Polk County — Last week, Governor Kate Brown announced modifications to the guidance for indoor activities in extreme risk counties, which took effect Jan. 29.

The initial guidance announced Jan. 26 of allowing just six people into indoor facilities, such as gyms and movie theaters, was met with a lot of angry business owners. By Friday, the guidance was updated for gyms to allow for a maximum of four groups of six people in different rooms separated by 24 feet per member.

For smaller facilities less than 500 square feet, the modified guidance allows for 1 to 1 customer experiences, such as personal training.

“The science has shown us that outdoor activities are safer than indoor activities when it comes to the spread of COVID-19, which is why we have clearly delineated guidance between indoor and outdoor activities,” Brown said in a statement. “We have seen over the last several weeks that Oregonians have largely complied with risk levels to the point that we have not seen a surge in hospitalizations that would have jeopardized hospital capacity. This means we are able to make these adjustments for Extreme Risk counties, which should assist both businesses and Oregonians as we continue to work to stop the spread of COVID-19.”

However, local gym owners disagree that science played any role in the decision to allow facilities to reopen with such restrictive guidelines.

Tony Jeffries, who has owned the 14,000 square-foot Monmouth Fitness Club since 2016, found the initial guidelines unfeasible. He said he saw no way of opening his gym back up to his 1,200 members only six at a time.

Once the guidelines were expanded, however, he decided to work within the given framework and reopened on Monday.

“We’re going to follow the mandate as best as we can. I still think it’s arbitrary, but at least it allows us to open back up. So we’ll take it as a win today,” Jeffries said.

Monmouth resident Tava’esina Sofa, a member and employee at Monmouth Fitness Club, was excited the facility was able to reopen after three months of state mandated closure to help limit the spread of the coronavirus.

“I’m so excited, because this is what we need, and it gives us some time to get out and do something for ourselves and be positive which helps our health, so I was super, super excited,” Sofa said. “I’m looking forward to getting back into it. It may take a while, because it’s been three months we’ve been out. We’ll work our way back up.”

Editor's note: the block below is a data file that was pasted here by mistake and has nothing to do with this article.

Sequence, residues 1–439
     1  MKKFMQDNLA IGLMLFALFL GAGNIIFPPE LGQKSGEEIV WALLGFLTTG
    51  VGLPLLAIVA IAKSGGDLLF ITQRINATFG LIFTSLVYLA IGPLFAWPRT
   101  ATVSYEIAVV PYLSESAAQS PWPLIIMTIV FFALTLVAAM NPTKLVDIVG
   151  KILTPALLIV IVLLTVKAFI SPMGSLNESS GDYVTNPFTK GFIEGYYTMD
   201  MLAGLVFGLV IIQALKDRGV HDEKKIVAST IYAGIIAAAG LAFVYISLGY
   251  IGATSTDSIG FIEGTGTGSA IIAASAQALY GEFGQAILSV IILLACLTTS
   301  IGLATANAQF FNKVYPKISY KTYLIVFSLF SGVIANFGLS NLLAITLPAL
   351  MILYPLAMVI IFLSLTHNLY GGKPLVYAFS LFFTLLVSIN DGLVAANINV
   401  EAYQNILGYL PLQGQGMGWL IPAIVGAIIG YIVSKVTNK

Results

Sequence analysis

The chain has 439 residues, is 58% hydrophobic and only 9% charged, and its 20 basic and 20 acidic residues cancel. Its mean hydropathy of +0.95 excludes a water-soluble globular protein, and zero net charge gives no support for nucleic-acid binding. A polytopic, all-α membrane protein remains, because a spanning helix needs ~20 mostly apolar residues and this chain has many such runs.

Jeffries said Monmouth Fitness Club has four separate rooms he can spread his members throughout to meet the new mandates. However, Dallas’s Harvest Crossfit owner Devin Jones doesn’t have that luxury in his one-room, 5,000 square foot facility. He has 170 members and hosts classes that average 20 people per class. He wonders how does limiting him to six per class help anybody?

“It’s uneconomic — four groups of six in separate rooms, 24 feet apart,” Jones explained. “Let’s say we do partition this off into six 500-square foot gyms. How does that reduce the spread by reducing the airflow in this big building? It’s completely anti-science. It’s anti business. It’s trash.”

Jones said the state has failed to trace any COVID-19 outbreaks back to gyms. The new guidelines only hamstrings businesses like his, creating stress on relationships in a relational business.

He’s trying to make due within the rules outlined by the state, hosting outdoor classes under a tent and limited indoor workouts six at a time in half-hour blocks. He still feels the new guidelines don’t go far enough.

“It was a nice gesture, a nice thought,” Jones said. “But it doesn’t help anybody. It’s whack.”

An organization sprang up during the closures to help fight for their reopening — the Oregon Health & Fitness Alliance. Based in Salem, the OHFA has reached out to the Governor’s office, as well as the Oregon Health Authority, requesting the science and data on which they are basing the number 6 to be safe for fitness facilities, according to media representative Dianna Risley. Risley is also a general manager of two Gorge Athletic Clubs in Hood River and The Dalles.

“As of now, we have received no response to our public records request,” Risley told The Itemizer-Observer.

She added that while the new guidelines allow for a few more people in larger facilities, it does nothing to help aquatics facilities, which are one very large room, nor do they help smaller boutique studios. 

Risley explained that OHFA has been reaching out to partner with and facilitate conversations with the Governor’s office for months to no avail.

“We have presented her office with safe recommendations using the science and information which is available as well as modeling our proposals after what other states are doing,” Risley said. “We are one of only two states to have fitness fully shut down as of last week.” 

By contrast, OHFA has recommended to the Governor’s office to allow for 15% of max occupancy in extreme risk counties along with several additional safety recommendations. Polk County remains in the extreme risk category.

“By basing the occupancy cap on a percentage of maximum capacity, it takes into account the large variety of sizes of health and fitness facilities,” Risley said. “It is still our strong recommendation that any capacity limits, in any risk category, be based on science, data and use a percentage of max occupancy for each individual building. OHFA will continue to press this issue with the Governor’s office using all tools available to our team.”

Read the Governor’s latest guidelines online at

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